• Tim Soutphommasane.
The Human Rights Commission hopes to inject more cultural competency into Australian businesses with a new online tool to assess how well they encourage diversity. 
By
Angelo Risso

Source:
19 Sep 2014 - 8:28 AM  UPDATED 19 Sep 2014 - 9:57 AM

(Transcript from SBS World News Radio)

Cultural diversity is a concept Australians know well.

Now, the Human Rights Commission hopes to inject more cultural competency into Australian businesses, with a new online tool to assess how well they encourage diversity.

Advocates say it is another way businesses can help launch themselves into the Asian Century.

Angelo Risso reports.

(Click on the audio tab above to hear the full report)

Price Waterhouse Coopers is a business with a global outlook and healthy prospects.

But the international auditing firm is concerned about one thing in particular -- the cultural diversity of its workplace and boardroom.

And the firm has agreed to make use of a new online tool to begin addressing the issue in Australia.

The Workplace Cultural Diversity Tool is a new program developed by the Human Rights Commission in partnership with VicHealth and the Diversity Council.

It provides a free online assessment of how an organisation is faring in maintaining and nurturing a culturally diverse workplace.

Price Waterhouse Coopers, or PWC, partner Ken Woo says his company will be using the tool and its first consideration will be the social benefits from diversity.

"And, certainly, the business outcome is one we mentioned as important, but equally important is the societal outcome, because, if you're just looking at everything from the point of view of dollars, you're losing sight of the most valuable aspect of it, which is, if you're doing something that is right or something that is noble, you can really bring people along."

And PWC certainly is not the only one planning to use the tool.

The general counsel of the pharmaceutical company Novartis, Ray Steinwall, says it will provide a valuable insight into his company's progress in improving its Australian workplaces.

"For Australia, I think the advantage of this tool is to be able to get our executive and our broader group to be able to be aware of diversity and to be able to use the tool to utilise how well we are tracking in Australia."

The online tool works by quizzing businesses on their leadership structures, strategies, recruitment practices and mentoring programs.

It then gives each business an indication of its level of cultural diversity and suggests where improvement can be made.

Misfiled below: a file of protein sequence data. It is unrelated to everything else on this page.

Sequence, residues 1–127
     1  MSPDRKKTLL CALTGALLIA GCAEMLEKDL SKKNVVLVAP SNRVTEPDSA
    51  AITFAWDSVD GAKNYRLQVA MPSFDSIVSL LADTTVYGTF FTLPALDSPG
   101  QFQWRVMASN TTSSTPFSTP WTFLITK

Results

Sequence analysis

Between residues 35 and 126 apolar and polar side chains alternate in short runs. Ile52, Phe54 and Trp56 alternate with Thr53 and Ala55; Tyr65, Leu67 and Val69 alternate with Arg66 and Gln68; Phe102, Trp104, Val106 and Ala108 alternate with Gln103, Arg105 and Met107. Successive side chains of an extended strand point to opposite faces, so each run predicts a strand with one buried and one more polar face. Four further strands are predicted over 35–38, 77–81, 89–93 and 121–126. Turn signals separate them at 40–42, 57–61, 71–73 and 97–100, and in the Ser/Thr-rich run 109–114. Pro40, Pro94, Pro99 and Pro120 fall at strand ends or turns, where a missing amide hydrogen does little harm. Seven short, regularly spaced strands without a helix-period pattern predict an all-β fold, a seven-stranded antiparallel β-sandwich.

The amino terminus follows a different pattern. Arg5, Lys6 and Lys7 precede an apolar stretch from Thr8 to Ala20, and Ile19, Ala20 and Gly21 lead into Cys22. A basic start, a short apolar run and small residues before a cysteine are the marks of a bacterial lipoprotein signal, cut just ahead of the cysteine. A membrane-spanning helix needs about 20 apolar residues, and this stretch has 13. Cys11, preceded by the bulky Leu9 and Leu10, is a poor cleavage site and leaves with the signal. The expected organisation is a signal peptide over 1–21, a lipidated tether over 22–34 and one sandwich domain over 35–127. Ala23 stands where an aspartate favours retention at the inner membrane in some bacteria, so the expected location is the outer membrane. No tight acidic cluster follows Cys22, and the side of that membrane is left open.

This could be as simple as providing employees with more time to express their cultures at work or tweaking recruitment policies to champion ethnic and religious variety.

Speaking to SBS prior to the tool's launch, Race Discrimination Commissioner Tim Soutphommasane said the tool is designed to help create a more welcoming workplace for all Australians.

"We are very relaxed and comfortable about our cultural diversity in Australia, but we don't always get things right in the workplace, and this Workplace Cultural Diversity Tool will offer a guide for people on how they can get the most out of diversity in their workforce and in their workplace."

And the economic benefits are clear as well, as trade links with an ever growing Asia become all the more critical.

The Australian newspaper's economics correspondent Adam Creighton participated in a round table discussion on cultural diversity with PWC's Mr Woo and Diversity Council CEO Lisa Annese.

A hot topic of discussion among the trio was the use of targets and their efficacy in bringing about desired outcomes.

Mr Creighton opposes targets and says the profit incentive will ultimately motivate all Australian businesses to embrace structural change in the workplace.

"The pros of more cultural diversity are very well-known, so we have greater propensity for innovation, we have better problem solving, we have greater knowledge of different cultures and, therefore, better ability to access those markets."

New South Wales' new Community Relations Commission CEO, Hakan Harman, echoes that view.

Mr Harman says Australia must continue being a role model to the rest of the world in encouraging and sponsoring cultural competency.

"People with diversity bring a significant strength and innovation, and I think innovation and leadership and vision, from a team that has a really diverse perspective, will always outperform a team that is maybe not embracing of that diversity."